5.9% of T-Mobile users also use Lyft, which exceeds the U.S. average by a little over 7 times. 7.3% of Lyft users use T-Mobile. which exceeds the U.S. average by nearly 7 1/10 times.


The above shows us that there is already a quite healthy cross-section of users between T-Mobile and Lyft. The proportion of T-Mobile users who employ Lyft’s services exceed the number of Lyft users found among the average U.S. social media audience by a hair over seven times. The number of Lyft users who use T-Mobile exceed the average by even a touch more, approaching seven-and-one-tenth times.

As this is ostensibly a customer appreciation promotion, right off the bat there is a real suggestion of that mission realistically being accomplished. This is something a not insignificant portion of the immediately targeted audience would want. As probably goes without noting— while significant statistically — 5.9% and 7.3% each still leave plenty of room for growth.

There are so many additional insights that StatSocial’s reporting provides that would be considered before taking action, but based on these insights, for this quick taste here, it appears that this partnership would likely be a positive one for both parties.

Taco Bell

The intersection of T-Mobile users and Taco Bell diners is not as profound as what’s shown above. This suggests strong potential gains for both partners, particularly as this aspect of the campaign is more robust than than the Lyft promotion. Here, T-Mobile users are being offered a strong incentive to enter Taco Bell restaurants every Tuesday for free food.

Free grub alone has an irresistible pull, and its provision is likely to give rise to goodwill. Taco Bell, of course, has an opportunity to convert a potentially substantial quantity of T-Mobile users into becoming lovers of their food.

Based on these numbers it seems less likely that a profound number of Taco Bell devotees would jump ship on their mobile provider and switch to T-Mobile for some free tacos. Diving deeper into our insights, though, will paint an ever-increasingly nuanced picture of this audience.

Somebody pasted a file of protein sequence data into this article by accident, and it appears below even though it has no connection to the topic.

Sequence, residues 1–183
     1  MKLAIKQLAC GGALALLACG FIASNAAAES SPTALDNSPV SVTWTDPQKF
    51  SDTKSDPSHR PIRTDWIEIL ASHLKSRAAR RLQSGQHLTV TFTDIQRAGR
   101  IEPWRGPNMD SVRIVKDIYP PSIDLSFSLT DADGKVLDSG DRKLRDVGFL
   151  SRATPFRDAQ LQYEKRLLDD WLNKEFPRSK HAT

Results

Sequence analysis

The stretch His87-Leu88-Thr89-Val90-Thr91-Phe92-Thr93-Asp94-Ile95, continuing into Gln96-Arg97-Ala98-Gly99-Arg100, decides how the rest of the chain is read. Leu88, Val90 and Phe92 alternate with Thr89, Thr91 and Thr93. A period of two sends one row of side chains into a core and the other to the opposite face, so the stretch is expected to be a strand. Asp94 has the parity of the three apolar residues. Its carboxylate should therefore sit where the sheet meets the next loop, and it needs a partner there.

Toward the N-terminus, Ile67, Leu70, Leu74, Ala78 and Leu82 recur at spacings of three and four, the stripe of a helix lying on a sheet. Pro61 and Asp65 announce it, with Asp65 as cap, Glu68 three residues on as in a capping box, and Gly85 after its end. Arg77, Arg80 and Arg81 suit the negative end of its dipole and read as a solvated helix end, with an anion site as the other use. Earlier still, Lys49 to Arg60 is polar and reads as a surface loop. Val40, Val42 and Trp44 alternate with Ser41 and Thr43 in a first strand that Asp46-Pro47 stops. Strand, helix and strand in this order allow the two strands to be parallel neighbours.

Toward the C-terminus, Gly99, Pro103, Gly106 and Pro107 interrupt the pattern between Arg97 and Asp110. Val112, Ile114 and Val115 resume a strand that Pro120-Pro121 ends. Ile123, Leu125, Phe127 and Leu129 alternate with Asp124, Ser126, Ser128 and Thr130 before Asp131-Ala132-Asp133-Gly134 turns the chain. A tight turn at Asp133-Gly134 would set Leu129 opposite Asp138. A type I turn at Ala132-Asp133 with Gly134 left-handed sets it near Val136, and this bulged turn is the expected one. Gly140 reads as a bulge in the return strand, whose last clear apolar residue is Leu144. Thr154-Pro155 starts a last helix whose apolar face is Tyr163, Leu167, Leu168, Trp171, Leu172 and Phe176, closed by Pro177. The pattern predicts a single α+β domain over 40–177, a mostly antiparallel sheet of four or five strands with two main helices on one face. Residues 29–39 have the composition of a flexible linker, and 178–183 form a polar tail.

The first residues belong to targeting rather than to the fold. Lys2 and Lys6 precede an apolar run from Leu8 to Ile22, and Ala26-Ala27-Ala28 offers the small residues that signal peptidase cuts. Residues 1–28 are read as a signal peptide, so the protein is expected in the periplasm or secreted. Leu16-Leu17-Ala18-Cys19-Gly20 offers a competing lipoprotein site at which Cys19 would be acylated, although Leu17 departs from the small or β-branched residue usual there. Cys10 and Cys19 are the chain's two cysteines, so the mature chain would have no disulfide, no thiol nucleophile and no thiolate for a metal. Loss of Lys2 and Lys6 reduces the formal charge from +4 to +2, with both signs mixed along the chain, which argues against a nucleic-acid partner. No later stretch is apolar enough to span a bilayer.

What Else Could Be Learned?

To those on the market for a new mobile provider, the association of the T-Mobile brand with a customer appreciation campaign, touted from the greatest pulpit available via American mass media (Super Bowl commercials) could plant the seeds of positive association, even among those unable to benefit from the Super Bowl promotion directly.

The same would also be true of Lyft and Taco Bell.

This much is known, of course, but who will be watching? Who will be paying the most attention to the broadcast? What proportion of that segment will be the most receptive to your messaging?

StatSocials insights can tell you what the fast food and/or car service and/or mobile communications preferences are of both your audience, and those audiences of your competitors. You can know to what degree your audience, and those of your competitors — and any other audiences whose attentions, for whatever reasons, you’d like to attract — are NFL fans, and what proportions of those audiences are fans of each team.

You can also know the ages, incomes, political leanings, favorite TV shows, podcasts, brands of soap, casinos, and… Well, you get the idea.

In short: What can be gained is invaluable wisdom into retaining the audience you already have, and attracting the audience(s) you desire.

Take a Sniff Around

We did a bunch of football related entries the past couple of weeks, and we invite you head over to the greater StatSocial blog here to check them out. While there you can also peruse the tons of other entries, offering all kinds of insights, studies, and deep dives to better acquaint you with the capabilities of StatSocial.

Throughout the blog are many examples of the sorts of insights that can only be gained with StatSocial.